That is my main worry, being almost 75, no kids, no nephews or nieces, the only relative with whom I have  contact is my sister (and Bil) 10 years older than me.
NZ has a euthanasia law going through parliament. It will be very minimal but a start.
Our bishop (a medical doctor before he became a priest) has been a leading opponent and it is the last straw for me with the church. I tell them they ruined my life with their views on homosexuality and now, when as a result I am left alone, they want to make the end of my life miserable. The biggest mistake of my life was to become a Christian at about age 7. At age 74 I think it is all ridiculous. My best friends have no contact with any church yet are offering to help me with my operation and the aftermath, offering to stay if my sister has a problem and to help with shopping.  The church people who once told me in a discussion over euthanasia that they would support me in old age, have not even bothered to ask why I have not been to church for 6 months (I went to the Cathedral not my parish church on Christmas Eve as I love the music). They are a bunch of hypocrites. Rant over  ;D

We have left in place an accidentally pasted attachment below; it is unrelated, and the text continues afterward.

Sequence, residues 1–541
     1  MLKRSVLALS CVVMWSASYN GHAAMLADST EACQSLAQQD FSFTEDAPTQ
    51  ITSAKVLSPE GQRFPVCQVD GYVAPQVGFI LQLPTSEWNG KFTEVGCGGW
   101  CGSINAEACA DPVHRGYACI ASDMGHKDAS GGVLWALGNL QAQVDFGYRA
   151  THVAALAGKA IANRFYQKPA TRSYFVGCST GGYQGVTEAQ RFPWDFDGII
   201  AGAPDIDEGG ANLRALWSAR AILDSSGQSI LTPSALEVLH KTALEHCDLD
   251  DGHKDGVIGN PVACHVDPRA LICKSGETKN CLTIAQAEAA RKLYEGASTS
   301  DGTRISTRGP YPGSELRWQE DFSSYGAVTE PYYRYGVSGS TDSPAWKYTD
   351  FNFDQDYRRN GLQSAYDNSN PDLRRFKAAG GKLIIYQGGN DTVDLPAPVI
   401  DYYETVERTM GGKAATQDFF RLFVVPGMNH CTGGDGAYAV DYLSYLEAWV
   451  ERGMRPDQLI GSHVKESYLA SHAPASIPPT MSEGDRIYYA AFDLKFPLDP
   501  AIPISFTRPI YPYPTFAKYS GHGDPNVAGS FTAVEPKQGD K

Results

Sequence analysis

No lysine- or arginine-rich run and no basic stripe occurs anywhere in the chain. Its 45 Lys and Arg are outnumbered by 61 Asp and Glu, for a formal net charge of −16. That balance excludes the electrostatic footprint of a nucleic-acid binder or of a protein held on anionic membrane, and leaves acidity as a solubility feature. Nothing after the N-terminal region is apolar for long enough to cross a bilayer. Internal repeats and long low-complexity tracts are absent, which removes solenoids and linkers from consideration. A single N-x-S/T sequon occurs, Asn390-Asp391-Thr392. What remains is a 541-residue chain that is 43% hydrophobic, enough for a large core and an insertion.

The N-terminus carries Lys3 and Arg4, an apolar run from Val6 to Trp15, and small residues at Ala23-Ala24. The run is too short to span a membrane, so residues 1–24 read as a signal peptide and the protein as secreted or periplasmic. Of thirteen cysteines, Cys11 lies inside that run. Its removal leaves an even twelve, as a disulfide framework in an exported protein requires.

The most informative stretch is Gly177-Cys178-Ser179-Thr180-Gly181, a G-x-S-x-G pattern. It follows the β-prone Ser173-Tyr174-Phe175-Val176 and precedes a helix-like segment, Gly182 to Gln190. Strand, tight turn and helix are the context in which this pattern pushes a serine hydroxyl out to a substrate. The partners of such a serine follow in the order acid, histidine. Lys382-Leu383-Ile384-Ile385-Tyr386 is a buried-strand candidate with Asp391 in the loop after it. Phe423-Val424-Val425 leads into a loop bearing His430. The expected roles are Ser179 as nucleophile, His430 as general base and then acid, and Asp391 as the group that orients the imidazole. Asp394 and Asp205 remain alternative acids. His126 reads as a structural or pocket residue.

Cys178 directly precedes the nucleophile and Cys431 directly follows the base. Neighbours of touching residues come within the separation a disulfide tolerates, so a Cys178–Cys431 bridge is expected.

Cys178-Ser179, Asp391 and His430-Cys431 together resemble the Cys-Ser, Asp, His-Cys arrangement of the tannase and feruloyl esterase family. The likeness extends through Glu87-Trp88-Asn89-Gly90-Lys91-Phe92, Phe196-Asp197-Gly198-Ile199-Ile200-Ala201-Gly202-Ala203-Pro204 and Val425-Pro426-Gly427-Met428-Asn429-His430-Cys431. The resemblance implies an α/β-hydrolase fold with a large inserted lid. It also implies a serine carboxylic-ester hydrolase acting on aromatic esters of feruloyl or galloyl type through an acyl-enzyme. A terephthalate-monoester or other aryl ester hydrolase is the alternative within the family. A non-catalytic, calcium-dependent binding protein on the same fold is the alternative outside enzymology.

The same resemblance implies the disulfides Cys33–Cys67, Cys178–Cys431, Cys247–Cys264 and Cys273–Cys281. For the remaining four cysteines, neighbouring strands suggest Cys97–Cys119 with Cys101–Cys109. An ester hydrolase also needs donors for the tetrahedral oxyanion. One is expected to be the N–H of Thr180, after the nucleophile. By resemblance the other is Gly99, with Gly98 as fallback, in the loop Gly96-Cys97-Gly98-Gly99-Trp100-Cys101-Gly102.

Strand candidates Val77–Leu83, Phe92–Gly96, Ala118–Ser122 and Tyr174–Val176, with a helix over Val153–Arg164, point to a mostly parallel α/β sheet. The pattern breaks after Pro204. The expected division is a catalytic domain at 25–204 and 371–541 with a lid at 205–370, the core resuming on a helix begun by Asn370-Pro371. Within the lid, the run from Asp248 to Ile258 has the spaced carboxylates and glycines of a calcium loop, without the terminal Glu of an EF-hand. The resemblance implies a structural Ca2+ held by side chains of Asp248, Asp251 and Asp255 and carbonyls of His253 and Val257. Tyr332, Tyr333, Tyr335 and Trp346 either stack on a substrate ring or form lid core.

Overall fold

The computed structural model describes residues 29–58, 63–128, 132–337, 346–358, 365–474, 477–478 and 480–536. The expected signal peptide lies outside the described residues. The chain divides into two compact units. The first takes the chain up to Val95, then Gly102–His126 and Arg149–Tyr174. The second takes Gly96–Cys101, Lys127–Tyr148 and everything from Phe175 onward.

Offline Jeff Wrangler

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Re: On Caregiving
« Reply #358 on: January 21, 2019, 08:33:54 pm »
Finally, it was Mom's physical therapist who figured the mystery out. There were mineral crystals in her inner ear and, when she turned her head, these crystals would bend the little hairs inside the ear and distort her sense of balance. The PT led Mom through a series of exercises or positionings that got rid of the crystals and then she had some relief for a few months until the problem built up again. I learned later that this is a very common and widespread problem.

That is exactly what happened to a friend and neighbor, and he was also given exercises to do. He tells me that so far the exercises have been helpful.